Poor Countries Suffer a Hangover for a Party They Didn't Attend
The financial boom never reached the world's poorest countries – yet now they're suffering the pain of the rich world's cuts
Sometimes the things we don't know about what is happening in the world take your breath away. A global economic crisis strikes just a few years before the world's 2015 deadline for achieving the improvements in health, education and poverty reduction required by the UN's Millennium Development Goals (MDGs). How has that crisis affected poor countries' spending on schools, hospitals or growth?
Those numbers aren't collected and published in anything approaching real time. So to find out, Oxfam had to fund Development Finance International, a non-profit specialist research and advocacy organisation, to collect the budgets of 56 low-income countries and crunch the data. What they discovered is truly alarming.
As revenue from raw material exports and taxation slumped, the crisis created a huge "fiscal hole" in the 56 poorest countries, decimating their budget revenues by $53bn (£33bn) in 2009 – nearly 10% of their pre-crisis revenues. A further $12bn will be lost in 2010, creating a total fiscal hole of $65bn over the two-year period. That hole ensures that the poorest countries will share the rich world's pain of cuts in essential services (while countries in the middle like China, India and Brazil steam on relatively unharmed), even though they missed out on the preceding financial boom. It's like suffering a monumental hangover when you weren't even invited to the party.
Governments in the poorest countries initially tried to keep spending with a laudable fiscal stimulus that contrasted with the sharp cuts made in previous crises. But it didn't last – only a quarter managed to continue this stimulus in 2010. Countries with IMF programmes turned on the taps faster than others in 2009 but, conversely, are forecast to cut back more sharply in 2010; this suggests that, while the IMF protected social sector spending at the start of the crisis, it is now advising (or at least failing to dissuade) countries to reduce it.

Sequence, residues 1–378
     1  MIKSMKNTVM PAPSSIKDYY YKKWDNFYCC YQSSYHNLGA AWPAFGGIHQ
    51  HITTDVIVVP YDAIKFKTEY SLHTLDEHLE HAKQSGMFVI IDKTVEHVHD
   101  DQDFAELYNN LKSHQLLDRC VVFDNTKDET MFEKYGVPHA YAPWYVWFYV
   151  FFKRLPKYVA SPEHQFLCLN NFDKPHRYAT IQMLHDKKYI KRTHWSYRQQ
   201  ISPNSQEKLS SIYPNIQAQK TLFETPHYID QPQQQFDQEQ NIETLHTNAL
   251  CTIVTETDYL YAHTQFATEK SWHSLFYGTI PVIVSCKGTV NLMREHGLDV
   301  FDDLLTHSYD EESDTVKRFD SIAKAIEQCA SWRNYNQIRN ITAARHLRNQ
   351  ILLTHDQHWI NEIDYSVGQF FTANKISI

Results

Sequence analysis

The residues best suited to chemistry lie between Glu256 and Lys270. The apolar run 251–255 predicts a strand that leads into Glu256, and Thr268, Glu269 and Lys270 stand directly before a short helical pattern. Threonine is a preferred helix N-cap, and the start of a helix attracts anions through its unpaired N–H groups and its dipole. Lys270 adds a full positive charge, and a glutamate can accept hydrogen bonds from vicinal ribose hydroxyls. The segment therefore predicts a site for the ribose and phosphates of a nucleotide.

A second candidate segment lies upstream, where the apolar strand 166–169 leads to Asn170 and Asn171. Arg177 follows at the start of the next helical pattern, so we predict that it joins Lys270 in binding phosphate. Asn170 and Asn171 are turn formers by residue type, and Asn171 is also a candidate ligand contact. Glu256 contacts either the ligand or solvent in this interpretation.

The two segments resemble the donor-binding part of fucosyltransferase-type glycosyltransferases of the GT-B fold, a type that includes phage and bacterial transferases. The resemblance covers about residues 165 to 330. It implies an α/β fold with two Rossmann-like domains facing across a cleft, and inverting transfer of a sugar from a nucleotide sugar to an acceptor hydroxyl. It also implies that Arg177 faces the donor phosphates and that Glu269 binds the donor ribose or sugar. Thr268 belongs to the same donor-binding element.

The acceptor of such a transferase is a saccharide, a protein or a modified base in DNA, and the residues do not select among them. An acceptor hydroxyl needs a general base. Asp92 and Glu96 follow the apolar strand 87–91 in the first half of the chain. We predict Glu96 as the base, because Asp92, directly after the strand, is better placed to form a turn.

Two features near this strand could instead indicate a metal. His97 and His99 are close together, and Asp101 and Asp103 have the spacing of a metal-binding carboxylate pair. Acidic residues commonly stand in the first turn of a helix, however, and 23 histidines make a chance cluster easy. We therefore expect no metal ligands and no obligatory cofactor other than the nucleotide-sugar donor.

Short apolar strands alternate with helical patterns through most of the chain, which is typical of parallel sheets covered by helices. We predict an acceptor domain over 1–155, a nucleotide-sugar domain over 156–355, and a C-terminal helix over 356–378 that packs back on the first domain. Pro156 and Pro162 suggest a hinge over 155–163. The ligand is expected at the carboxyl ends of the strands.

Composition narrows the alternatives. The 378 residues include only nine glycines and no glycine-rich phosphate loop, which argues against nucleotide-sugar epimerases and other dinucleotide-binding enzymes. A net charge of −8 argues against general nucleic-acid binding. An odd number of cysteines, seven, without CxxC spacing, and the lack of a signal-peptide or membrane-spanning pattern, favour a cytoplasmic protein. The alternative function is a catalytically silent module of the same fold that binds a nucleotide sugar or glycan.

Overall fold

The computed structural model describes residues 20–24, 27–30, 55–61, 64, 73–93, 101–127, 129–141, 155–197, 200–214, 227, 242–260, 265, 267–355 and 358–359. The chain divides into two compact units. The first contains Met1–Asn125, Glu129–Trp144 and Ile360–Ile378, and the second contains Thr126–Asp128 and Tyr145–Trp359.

Aid has failed dismally to fill the gap. I attended the G20 summit in London in April 2009, at the height of the crisis. It was a moment of real hope as world leaders came up with $1.1tn to bail out the global economy. But the lion's share went to middle-income countries; their low-income neighbours have received an average increase in grants of $4.1bn a year – less than 1% of the London largesse. This has filled only 13% (one eighth) of the fiscal hole created by the crisis. Governments of poor countries have managed to borrow a similar amount at low interest rates, but the rest has had to come from borrowing domestically or by running down their reserves.
Meanwhile, Spain, Germany, France and Italy have all announced they are freezing or cutting their aid budgets – putting further pressure on poor countries' finances. In this context, David Cameron's promise to stick to the UK's aid promises becomes increasingly important – not just for the money involved, but also as a message to other leaders that even when times are tough, breaking their pledges to the poorest countries should never be an option.
Many governments of poor countries are already cutting spending rather than risk a new debt crisis. Two-thirds of countries are cutting budget allocations in 2010 to one or more of the priority sectors of education, health, agriculture and social protection. According to their budget statements, Zambia has slashed its health spending by a third this year, while Mali, Benin, Niger and Nicaragua have taken the axe to their schools budget. Mongolia is cutting everything. All this, just at a time when they need to massively increase such spending if they are to achieve the MDGs. So there you have it, across low-income countries vital services are being taken away at a time when the poorest need them most and we didn't even know it was happening. Shocking.
© Guardian News and Media Limited 2010